By Coach Ashlynne
The best way to get protein in your diet is from food, however, it can be difficult to get enough in during the day. Protein supplements are very popular because of the convenience and because it is easy to consume either before, during, or after a workout. There is a wide variety of protein supplements but today we are going to go over whey and casein protein.
Whey and casein are protein sources derived from milk. They contain all essential amino acids which the body needs because it can’t produce them. Whey and casein are different in that whey contains a higher amount of branched-chain amino acids (BCAAs), leucine, isoleucine, and valine. Casein contains a higher portion of the amino acids histidine, methionine, and phenylalanine (Wilborn).
Whey is the commonly preferred supplement because of its higher concentration of leucine which helps jumpstart muscle protein synthesis. The advantage of taking casein is that it digests slowly. In a study comparing the anabolic (building of muscle) and catabolic (breakdown of muscle) effect of whey versus casein protein in a 7-hour window, there were distinct differences. Whey resulted in a short spike of amino acids in the bloodstream and protein synthesis, while casein had a prolonged effect and resulted in 34% less muscle breakdown (Boirie).
Whey protein is most effective around workout times and/or first thing in the morning. Because whey doesn’t stay in the bloodstream for long, it is best to consume a meal with protein 20-60 minutes after your post-workout whey protein shake. Casein is optimal to take right before going to sleep because it takes longer to fully digest, promoting an anti-catabolic effect while you sleep.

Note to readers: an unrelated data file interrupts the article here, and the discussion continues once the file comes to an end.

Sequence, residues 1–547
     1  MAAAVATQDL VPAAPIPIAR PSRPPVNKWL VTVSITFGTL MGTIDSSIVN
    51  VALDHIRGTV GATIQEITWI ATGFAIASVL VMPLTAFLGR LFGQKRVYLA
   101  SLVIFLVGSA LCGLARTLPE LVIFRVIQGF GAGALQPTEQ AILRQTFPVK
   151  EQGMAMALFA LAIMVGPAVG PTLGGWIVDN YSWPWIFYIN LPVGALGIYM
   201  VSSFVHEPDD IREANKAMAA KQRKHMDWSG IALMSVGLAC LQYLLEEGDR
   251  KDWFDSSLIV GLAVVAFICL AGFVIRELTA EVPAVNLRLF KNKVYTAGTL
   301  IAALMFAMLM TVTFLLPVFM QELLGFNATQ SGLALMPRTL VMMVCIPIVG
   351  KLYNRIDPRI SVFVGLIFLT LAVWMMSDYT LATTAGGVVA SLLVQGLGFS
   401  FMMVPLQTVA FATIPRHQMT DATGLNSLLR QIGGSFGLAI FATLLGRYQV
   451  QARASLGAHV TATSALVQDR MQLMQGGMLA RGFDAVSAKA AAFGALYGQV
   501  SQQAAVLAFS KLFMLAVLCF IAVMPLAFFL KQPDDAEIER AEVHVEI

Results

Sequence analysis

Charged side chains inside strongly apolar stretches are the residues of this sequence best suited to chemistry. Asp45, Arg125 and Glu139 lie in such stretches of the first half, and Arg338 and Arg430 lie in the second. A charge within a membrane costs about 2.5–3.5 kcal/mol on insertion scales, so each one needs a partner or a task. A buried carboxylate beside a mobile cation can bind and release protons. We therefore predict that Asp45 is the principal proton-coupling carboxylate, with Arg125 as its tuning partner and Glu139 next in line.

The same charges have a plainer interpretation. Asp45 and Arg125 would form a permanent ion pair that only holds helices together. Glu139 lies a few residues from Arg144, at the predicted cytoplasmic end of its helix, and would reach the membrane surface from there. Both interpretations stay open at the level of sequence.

When choosing a protein supplement, whey tends to mix better and is generally more cost-effective. There are protein blends that contain both so you can get the benefits of both whey and casein. If you choose to purchase both individually, whey is better timed around workouts while casein is most effective before bed. Protein powders are convenient and beneficial for building muscle but they should be treated as a supplement to a diet with protein rich foods. Protein supplementation may or may not be appropriate for you depending on your goals and how much protein you are consuming in meals. The best way to ensure you are building and maintaining muscle strength and size is in the total amount of protein you eat throughout the day.
Boirie, Y, et al. “Slow and Fast Dietary Proteins Differently Modulate Postprandial
Protein Accretion.” Proceedings of the National Academy of Sciences of the United
States of America, The National Academy of Sciences of the USA, 23 Dec. 1997,
Wilborn, Colin D, et al. “The Effects of Pre- and Post-Exercise Whey vs. Casein Protein Consumption on Body Composition and Performance Measures in Collegiate Female Athletes.” Journal of Sports Science & Medicine, Asist Group, 1 Mar. 2013, www.ncbi.nlm.nih.gov/pmc/articles/PMC3761774/.